7 Comments

  • Avatar Lesley Rice says:

    At first, employees with this type of toxic behavior should be informed about the company’s expectations and consequences regarding his or her behavior. Secondly, they should be properly counseled and given time to change their behavior. Coworkers and managers should attempt different ways to help toxic employees to become professional and productive for the company. With all this help, the toxic employees then have the responsibility to correct their own behavior. If things do not change, it is best to let your toxic employee go.

  • Avatar Ian Ruthwell says:

    It’s better to prevent this kind of behavior than to fix it! The best way to avoid a toxic employee is to pay attention during the hiring process. Do not check only references that the candidate gives to you. Try to find more sources. If he or she cannot provide any references from past coworkers or managers, this is often a sign of a problem. Also, changing jobs too often can be a sign that your candidate may have trouble getting along with others.

  • Avatar Paul says:

    Toxic employees can be like a virus – their counterproductive behavior can negatively impact the workplace, and their deplorable attitudes and actions can easily spread to other employees. In some situations, other employees can begin to identify with the toxic ones, which will really affect the productivity of your company.

  • Avatar Mary Schefield says:

    It’s essential to determine the cause of the toxic behavior. Is the cause work-related or not? Take time to look at the big picture before dealing with the problem. The first step in dealing with this negative behavior is by opening the lines of communication. Speaking individually with the troublemaker and his or her coworkers can help a lot when approaching the problem.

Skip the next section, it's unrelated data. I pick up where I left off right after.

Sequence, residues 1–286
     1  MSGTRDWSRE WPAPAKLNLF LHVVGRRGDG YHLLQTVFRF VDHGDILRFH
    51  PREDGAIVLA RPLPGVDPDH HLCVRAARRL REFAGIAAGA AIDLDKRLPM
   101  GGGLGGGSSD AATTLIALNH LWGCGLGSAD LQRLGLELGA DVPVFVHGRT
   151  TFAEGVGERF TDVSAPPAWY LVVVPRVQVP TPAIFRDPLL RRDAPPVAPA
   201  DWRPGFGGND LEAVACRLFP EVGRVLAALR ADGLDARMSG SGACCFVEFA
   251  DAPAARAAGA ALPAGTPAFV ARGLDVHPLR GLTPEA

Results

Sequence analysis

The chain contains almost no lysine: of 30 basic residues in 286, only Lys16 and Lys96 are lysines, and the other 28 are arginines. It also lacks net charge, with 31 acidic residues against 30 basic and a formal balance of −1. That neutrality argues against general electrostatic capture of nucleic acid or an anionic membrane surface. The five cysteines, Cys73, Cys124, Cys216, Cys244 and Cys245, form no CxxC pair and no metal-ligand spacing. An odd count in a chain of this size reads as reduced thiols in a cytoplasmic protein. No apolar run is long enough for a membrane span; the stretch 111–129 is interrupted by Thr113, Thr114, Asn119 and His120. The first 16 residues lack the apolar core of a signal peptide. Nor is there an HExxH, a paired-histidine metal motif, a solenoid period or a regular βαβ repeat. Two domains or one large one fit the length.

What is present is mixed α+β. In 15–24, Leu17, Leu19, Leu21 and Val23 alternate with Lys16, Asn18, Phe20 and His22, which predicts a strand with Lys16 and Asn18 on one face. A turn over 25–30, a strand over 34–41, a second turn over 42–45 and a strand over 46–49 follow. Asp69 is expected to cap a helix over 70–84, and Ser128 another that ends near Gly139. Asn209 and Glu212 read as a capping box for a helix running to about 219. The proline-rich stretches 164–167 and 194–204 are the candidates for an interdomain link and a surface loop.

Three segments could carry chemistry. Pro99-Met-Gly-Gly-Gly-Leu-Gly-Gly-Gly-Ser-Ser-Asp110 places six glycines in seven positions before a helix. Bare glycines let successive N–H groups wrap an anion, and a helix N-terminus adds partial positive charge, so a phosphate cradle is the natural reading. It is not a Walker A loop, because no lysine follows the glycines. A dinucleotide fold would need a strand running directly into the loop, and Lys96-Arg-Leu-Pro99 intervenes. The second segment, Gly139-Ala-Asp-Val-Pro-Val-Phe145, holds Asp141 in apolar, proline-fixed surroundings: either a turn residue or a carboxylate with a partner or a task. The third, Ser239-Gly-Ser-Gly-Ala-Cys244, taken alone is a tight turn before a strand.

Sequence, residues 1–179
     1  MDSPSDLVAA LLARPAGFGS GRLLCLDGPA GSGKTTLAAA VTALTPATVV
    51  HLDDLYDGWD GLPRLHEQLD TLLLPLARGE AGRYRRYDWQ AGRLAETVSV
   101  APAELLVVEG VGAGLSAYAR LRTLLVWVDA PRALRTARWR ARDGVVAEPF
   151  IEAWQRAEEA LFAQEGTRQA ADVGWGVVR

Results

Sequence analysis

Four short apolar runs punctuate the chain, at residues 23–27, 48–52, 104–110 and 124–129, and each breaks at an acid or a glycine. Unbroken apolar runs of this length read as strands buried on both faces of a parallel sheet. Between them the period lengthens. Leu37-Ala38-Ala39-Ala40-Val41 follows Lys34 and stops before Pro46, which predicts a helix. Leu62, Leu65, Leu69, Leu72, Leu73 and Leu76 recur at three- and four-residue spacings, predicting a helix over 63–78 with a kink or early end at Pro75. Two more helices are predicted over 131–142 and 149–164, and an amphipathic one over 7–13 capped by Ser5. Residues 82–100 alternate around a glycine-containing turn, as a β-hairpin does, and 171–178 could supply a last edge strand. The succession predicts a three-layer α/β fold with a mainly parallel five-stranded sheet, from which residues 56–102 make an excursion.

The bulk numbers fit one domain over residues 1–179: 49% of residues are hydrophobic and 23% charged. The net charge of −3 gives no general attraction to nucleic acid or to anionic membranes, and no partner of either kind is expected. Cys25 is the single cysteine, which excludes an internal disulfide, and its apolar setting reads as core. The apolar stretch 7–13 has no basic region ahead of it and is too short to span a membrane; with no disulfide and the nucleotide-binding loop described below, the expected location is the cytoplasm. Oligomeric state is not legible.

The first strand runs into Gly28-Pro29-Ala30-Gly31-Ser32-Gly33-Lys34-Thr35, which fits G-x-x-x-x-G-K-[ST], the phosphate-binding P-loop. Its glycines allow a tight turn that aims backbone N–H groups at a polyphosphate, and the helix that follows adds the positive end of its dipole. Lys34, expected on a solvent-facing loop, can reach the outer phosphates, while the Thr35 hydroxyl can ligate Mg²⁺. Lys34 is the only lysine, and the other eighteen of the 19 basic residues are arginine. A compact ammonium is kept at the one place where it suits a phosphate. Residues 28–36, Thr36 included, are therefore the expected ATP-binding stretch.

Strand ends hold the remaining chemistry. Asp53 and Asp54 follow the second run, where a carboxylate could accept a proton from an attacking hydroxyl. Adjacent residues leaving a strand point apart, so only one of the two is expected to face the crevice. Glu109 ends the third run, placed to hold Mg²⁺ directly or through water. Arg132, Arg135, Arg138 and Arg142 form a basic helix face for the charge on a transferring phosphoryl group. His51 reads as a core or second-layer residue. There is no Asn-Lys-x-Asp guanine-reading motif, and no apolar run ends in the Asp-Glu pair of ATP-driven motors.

• Avatar Aviva says:

    Be sure to separate the message from the source if the toxic person has an opinion on work related issues. Just because the person is toxic and undermining things does not mean the complaints are not something to be addressed. At the same time, the validity of the complaints does not excuse toxic behavior.

  • Avatar Nomsa says:

    I think toxic people are not toxic without a cause. When you hear their stories and their experiences and you look at the organisational culture you realise there is some truth in the toxic behavior.
    I do believe there are those toxic people that are toxic without reason and have poor interpersonal skills. But there are those genuine few that lie deeper than the surface.

  • Avatar Denise Edwards says:

    Most of these toxic employees are quite smart. They know who they can afflict and they can be very sweet and charming to management/customers. They take their frustration out on the weakest link, the person who works hard and is productive because they are threatened by them. They cause stress for these individuals and it is transferred to them taking the focus off the toxic/narcissist. These people wear masks and their behavior is strategic and calculated. They never get caught. It is the victims that pay a hefty price for them and end up with narcissistic abuse and job loss/financial problems.